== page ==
Archive for the ‘Art’ Category

Tokyo Designers Week 2013

Monday, October 28th, 2013

This year’s Tokyo Designers Week’s main event at Meiji Jingu-Gaien has had a bit of a makeover. As “Creative Fes,” it now includes a music venue, various food stalls and a market of hand-crafted goods. But, of course, the main focus remains design, and the event’s new Asia Awards, which includes categories for design schools, young creators and professionals, pulled in plenty of entries.

From architectural constructions to jewelry, we took a look at what the students and pros had to offer, as well as perused our old favorite — Designboom Mart. This year, we also found an extra favorite spot: the TAPAS Spanish Design for Food exhibition, which not only made us hungry for more, but proved that design can have a great sense of humor.

Isetan Mitsukoshi Design Week

Thursday, October 24th, 2013

Today, the Isetan Department in Shinjuku launches its Designers Week product fair “Hand Made By For Me,” featuring numerous lifestyle brands across various floors of the Isetan main building. The fair runs till Nov. 5 and with all items also available to purchase, it could be a good opportunity to get a little Christmas shopping in early.

We took a sneak peak last night and selected some of our favorite Japanese designs.

Japan by the numbers (8.9.13)

Friday, August 9th, 2013

Crafty creators converge on HandMade in Japan Fes 2013

Tuesday, July 23rd, 2013

More than 2,000 creators converged on Tokyo Big Sight this past weekend for HandMade in Japan Fes 2013. While the range in styles and quality was wide, the creators did share one thing in common: they’re part of the virtual shopping/community site Creema, which is basically Japan’s version of Etsy. The inaugural event, while not yet on the scale of Design Festa, is definitely off to a strong start.

Here are a few of the creations on display that caught our eye. (All photos by Mio Yamada.)

Pulsations (07.05.13)

Friday, July 5th, 2013

Here are the latest Pulsations, links to fresh stories and visuals about Japan, shout-outs to fellow bloggers, and highly clickable stuff that we think you might enjoy.

In no particular order, they are . . .

Visual Pulse

A singer-songwriter and an illustrator formed a duo called MimimemeMIMI to delight your eyes and ears simultaneously. Their debut single “Sensational Love” goes on sale Aug. 14, but in the meantime, check out this clip of “Mr. Darling.”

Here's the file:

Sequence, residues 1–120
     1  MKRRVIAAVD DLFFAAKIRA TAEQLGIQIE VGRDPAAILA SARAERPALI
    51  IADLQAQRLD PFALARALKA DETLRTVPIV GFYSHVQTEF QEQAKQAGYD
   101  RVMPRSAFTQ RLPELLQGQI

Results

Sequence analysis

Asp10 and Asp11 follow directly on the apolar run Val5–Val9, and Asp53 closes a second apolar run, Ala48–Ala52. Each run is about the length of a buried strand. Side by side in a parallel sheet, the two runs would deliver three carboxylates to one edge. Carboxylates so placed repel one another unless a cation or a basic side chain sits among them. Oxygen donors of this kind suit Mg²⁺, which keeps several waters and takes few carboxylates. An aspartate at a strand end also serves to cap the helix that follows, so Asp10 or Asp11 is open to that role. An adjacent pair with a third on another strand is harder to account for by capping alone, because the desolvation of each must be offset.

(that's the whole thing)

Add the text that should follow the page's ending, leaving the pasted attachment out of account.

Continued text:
Pulsations (07.01.13)

Thursday, June 27th, 2013

Here are the latest Pulsations, links to fresh stories and visuals about Japan, shout-outs to fellow bloggers, and highly clickable stuff that we think you might enjoy.

In no particular order, they are . . .

Visual Pulse

Follow the Yurikamome line at hyper speed as it wraps through Shiodome’s steel canyon’s and coils around Rainbow Bridge in one of the better Tokyo time-lapses we’ve seen.

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Tweet Beat: #真4, #ソクラテスの死, #キスの日

Thursday, May 30th, 2013

The Twitter Japan blog releases a list of top hashtags for each week. Tweet Beat investigates the buzz behind the hashtag. 

Demons and Samurai

“Shin Megami Tensei IV,” the first numbered title in the Shin Megami Tensei role-playing game series in 10 years, was released on May 23 in Japan. Between the anticipation of the release date, the build up of PR like the 10-minute gameplay video above and the tweets of fans buying and playing the game, it’s not surprising that the hashtags #真4 (“shin”) and #メガテン4 (“Megaten” is the series’s nickname among fans) would trend.

“Shin Megami Tensei” is known for its brutal difficulty. One player finds a humorous way to say he was annihilated in the tutorial. This time around, the characters are samurai from the Mikado Kingdom, but they still become stronger via the series hallmark of negotiating with demons for help. The game is due out in North America July 16.

“The Death of Socrates” as re-created by Japanese students